In saner times, countries had borders, and along these borders were ports for the inspection and tagging of goods coming into or leaving the country. The border, after all, would be the logical place to conduct such business, since it is the terminus ad quem cargo would be outside or inside a country.
Globalization, however, attempts to render such common sense anachronistic. Through the lens of this ideology, borders are vestigial obstacles from quainter days, and ports should now be built inland where land and labor are cheaper, and crowded coastal ports can be avoided. Such dogma has infiltrated the minds of the Kansas City elite. Their plan to create the Kansas City SmartPort, where Mexican officials will inspect goods before they are shipped via truck or train to Mexico, and then sent to Asia, is under way.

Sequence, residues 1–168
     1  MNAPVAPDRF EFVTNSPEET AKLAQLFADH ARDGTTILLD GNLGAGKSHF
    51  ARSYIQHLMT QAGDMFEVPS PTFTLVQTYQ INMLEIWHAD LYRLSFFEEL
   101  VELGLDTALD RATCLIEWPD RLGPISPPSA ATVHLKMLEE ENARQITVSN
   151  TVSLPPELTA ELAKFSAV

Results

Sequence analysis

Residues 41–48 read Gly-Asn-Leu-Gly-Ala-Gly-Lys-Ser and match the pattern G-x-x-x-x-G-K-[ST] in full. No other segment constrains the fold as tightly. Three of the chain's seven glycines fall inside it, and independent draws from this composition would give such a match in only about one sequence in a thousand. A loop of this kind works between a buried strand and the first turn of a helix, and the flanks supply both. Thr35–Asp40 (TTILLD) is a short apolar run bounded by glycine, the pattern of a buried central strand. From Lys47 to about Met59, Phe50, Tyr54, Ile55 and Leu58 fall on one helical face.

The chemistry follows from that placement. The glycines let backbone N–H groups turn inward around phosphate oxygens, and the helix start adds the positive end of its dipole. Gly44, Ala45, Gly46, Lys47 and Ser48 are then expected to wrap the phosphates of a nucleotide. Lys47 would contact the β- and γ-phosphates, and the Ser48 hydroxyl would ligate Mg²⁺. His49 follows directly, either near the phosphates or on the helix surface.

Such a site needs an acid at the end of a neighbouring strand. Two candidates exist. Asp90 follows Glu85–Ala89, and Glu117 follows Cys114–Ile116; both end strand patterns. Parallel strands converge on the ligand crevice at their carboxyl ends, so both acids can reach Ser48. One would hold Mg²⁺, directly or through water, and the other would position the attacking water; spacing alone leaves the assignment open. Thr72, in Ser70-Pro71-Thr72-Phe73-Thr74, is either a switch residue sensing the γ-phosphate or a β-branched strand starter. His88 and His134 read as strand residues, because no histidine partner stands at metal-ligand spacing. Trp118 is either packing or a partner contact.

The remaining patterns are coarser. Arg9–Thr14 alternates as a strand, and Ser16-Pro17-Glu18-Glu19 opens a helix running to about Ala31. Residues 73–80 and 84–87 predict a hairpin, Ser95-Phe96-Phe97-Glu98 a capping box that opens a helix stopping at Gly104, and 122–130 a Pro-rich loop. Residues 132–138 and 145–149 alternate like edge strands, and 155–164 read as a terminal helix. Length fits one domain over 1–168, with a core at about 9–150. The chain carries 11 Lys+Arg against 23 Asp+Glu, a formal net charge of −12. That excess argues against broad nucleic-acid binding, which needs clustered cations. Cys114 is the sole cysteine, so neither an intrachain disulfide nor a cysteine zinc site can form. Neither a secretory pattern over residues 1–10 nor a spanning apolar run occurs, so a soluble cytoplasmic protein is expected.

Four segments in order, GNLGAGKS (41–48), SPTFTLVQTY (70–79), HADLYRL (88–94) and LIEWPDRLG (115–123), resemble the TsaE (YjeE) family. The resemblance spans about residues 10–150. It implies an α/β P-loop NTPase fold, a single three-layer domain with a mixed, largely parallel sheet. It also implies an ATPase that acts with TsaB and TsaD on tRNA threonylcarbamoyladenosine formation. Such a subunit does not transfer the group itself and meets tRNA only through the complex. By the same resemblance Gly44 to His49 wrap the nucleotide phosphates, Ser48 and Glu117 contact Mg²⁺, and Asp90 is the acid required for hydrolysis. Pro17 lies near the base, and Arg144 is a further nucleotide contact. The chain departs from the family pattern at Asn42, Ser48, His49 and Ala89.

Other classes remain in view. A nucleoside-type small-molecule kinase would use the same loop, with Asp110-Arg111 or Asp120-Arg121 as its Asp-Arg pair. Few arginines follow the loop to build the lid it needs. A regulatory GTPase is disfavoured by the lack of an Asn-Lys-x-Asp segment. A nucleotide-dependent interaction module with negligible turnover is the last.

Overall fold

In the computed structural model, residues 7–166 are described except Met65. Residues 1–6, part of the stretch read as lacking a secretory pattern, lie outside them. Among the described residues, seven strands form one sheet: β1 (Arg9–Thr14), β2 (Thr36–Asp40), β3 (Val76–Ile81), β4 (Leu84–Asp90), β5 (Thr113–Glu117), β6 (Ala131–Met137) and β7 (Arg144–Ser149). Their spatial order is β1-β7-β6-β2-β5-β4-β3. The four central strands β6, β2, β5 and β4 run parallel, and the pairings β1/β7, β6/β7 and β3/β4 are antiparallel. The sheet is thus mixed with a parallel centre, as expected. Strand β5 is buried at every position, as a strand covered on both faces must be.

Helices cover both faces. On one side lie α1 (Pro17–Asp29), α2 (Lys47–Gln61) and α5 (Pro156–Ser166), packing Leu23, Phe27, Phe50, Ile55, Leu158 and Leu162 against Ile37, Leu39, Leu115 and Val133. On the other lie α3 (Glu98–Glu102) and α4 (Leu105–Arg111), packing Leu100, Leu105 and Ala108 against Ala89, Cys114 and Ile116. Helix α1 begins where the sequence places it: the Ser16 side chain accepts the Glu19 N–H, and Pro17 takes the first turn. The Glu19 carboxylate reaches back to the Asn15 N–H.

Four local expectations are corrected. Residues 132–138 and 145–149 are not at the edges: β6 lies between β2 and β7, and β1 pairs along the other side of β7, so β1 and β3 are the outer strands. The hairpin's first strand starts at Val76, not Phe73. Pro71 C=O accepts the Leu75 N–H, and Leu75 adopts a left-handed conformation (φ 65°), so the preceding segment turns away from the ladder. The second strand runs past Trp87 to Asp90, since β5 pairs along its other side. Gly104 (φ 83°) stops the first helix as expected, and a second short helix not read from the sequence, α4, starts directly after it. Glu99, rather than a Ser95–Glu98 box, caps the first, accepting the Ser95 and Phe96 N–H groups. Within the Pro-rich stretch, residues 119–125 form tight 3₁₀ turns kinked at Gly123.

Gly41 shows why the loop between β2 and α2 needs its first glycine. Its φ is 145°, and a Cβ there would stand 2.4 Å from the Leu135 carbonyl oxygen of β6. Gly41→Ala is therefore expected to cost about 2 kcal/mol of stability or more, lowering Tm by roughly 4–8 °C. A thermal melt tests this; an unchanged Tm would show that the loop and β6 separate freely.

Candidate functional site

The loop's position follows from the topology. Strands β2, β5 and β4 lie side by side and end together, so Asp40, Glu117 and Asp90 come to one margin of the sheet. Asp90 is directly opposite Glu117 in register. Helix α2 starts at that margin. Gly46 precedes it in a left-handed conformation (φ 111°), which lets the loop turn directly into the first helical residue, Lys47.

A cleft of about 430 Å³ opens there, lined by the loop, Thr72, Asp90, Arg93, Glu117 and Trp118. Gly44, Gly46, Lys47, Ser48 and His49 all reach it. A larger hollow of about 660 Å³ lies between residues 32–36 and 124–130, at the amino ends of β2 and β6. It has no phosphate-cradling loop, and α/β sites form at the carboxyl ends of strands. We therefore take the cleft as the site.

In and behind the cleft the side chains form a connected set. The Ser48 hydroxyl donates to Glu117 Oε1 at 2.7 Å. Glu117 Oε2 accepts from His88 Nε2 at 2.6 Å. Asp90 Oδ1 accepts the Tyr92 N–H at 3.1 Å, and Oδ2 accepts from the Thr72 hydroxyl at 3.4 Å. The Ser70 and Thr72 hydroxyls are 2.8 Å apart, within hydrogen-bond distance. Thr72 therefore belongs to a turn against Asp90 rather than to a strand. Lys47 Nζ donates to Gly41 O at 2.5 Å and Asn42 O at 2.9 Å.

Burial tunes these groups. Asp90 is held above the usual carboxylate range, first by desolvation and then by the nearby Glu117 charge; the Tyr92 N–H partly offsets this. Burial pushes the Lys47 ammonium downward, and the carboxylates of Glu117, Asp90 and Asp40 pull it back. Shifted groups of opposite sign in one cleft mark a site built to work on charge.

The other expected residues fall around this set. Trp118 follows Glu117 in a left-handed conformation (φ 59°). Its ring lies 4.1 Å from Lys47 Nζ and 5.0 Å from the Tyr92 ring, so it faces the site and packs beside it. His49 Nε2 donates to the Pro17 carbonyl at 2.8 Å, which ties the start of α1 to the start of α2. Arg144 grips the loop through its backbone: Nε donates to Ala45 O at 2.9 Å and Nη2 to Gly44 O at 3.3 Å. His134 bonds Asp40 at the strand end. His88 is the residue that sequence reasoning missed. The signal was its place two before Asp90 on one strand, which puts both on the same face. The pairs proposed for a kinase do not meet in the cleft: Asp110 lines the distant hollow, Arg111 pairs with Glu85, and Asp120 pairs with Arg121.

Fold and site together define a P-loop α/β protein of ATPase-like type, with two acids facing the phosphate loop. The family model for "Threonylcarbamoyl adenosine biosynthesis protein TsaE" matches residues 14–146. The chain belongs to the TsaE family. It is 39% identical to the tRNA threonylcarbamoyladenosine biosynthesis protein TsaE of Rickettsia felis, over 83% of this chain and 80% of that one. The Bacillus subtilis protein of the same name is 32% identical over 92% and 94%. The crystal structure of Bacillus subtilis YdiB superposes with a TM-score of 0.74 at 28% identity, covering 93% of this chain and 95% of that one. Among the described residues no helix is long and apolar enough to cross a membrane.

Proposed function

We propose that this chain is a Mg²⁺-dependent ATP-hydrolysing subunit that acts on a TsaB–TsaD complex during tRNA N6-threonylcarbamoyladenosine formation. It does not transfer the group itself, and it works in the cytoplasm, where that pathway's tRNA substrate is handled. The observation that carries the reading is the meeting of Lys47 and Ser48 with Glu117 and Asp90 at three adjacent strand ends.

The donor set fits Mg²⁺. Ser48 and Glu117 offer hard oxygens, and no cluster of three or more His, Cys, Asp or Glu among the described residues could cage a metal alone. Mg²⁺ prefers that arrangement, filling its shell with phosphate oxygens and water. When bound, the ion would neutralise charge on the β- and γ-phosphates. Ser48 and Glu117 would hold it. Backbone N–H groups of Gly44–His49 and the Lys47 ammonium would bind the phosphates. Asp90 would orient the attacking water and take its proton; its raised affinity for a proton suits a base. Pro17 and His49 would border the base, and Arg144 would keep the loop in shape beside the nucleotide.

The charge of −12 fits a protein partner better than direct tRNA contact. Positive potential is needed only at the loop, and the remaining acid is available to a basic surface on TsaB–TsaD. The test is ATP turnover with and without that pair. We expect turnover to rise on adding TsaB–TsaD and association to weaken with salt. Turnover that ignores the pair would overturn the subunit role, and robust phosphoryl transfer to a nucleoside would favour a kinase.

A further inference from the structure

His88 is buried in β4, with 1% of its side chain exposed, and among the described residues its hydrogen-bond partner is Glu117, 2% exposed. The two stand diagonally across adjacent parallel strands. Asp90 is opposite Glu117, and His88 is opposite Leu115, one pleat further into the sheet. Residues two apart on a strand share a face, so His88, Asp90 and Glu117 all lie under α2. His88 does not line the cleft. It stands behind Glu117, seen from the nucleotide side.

This customs facility, on the central artery of what many have labeled the “NAFTA Superhighway,” would include a truck port in the city and a train port south of the city. Kansas City currently has approximately 10,000 acres designated as a free-trade zone, which would make it the largest such zone in any city in the United States. In the Kansas City Star (July 18, 2006), Rick Alm and Lynn Horsley described the project:
Arm in arm with Mexican authorities, city officials for nearly two years have pressed the U.S. departments of...